Trichomycosis Axillaris Clinical Presentation

Updated: Jan 31, 2017
  • Author: Nicholas V Nguyen, MD; Chief Editor: Dirk M Elston, MD  more...
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Trichomycosis axillaris typically is asymptomatic; however, patients may report malodorous sweat. Trichomycosis axillaris may be associated with similar findings of hair concretions in the pubic area (trichomycosis pubis). [4]


Physical Examination

Concretions encircle the hair shaft, making it appear beaded or thicker. Concretions are most common on the central portion of axillary hair.

Concretions consist of 1- to 2-mm red, black, or yellow nodules that adhere firmly to the hair shaft. The insoluble cement substance elaborated by the bacteria adheres to the hair shaft and, occasionally, invades and destroys cuticular and cortical keratin. The yellow color is observed most commonly (see the image below) and may stain clothes yellow. Black and red are seen most commonly in tropical climates.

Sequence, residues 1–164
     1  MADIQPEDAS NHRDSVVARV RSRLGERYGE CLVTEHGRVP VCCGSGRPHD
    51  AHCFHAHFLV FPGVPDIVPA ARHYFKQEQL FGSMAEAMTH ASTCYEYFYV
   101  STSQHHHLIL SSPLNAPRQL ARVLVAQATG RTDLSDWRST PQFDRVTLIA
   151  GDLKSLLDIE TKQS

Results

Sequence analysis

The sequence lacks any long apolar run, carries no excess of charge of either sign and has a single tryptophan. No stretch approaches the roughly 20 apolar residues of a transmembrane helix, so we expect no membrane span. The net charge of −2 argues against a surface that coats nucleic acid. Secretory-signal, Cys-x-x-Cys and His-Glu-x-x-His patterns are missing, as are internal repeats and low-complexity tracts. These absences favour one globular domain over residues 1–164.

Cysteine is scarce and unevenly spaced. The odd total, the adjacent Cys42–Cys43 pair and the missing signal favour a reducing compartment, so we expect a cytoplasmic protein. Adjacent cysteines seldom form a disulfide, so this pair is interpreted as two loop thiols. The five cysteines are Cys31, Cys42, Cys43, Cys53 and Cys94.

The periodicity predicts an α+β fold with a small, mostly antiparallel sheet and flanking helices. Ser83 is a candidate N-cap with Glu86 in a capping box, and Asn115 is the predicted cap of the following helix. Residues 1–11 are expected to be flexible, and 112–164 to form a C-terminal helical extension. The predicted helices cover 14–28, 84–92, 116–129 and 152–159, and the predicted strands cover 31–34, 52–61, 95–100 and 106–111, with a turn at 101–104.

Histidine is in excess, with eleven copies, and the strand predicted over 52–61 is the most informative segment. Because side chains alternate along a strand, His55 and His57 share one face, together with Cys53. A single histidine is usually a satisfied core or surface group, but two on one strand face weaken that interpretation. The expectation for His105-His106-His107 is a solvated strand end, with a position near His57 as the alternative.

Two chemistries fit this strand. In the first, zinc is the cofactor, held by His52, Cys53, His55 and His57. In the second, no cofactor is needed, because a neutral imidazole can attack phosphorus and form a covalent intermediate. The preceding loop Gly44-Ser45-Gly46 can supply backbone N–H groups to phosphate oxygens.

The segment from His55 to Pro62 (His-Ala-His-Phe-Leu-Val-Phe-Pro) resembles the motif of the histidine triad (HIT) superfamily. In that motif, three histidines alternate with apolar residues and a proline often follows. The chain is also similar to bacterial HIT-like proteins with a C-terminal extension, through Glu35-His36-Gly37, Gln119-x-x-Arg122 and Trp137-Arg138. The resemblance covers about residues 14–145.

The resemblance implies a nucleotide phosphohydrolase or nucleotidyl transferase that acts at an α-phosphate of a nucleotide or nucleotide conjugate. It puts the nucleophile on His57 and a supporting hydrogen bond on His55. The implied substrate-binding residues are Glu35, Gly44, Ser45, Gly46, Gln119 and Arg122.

Yellow concretions are seen over axillary hairs. Yellow concretions are seen over axillary hairs.

The hair shaft may become brittle and thus, more easily broken, but this is rare. Typically, since the hair shaft is not weakened, alopecia is not seen.

The underlying skin usually is normal, although hyperhidrosis of the affected regions is common.



In 1952, Crissey et al identified Corynebacterium tenuis as the causative bacterium of trichomycosis axillaris [5] ; however, more recent reports suggest that the condition is caused by several species of the gram-positive diphtheroid Corynebacterium. [6, 7] It is not caused by a fungus, as the name may imply.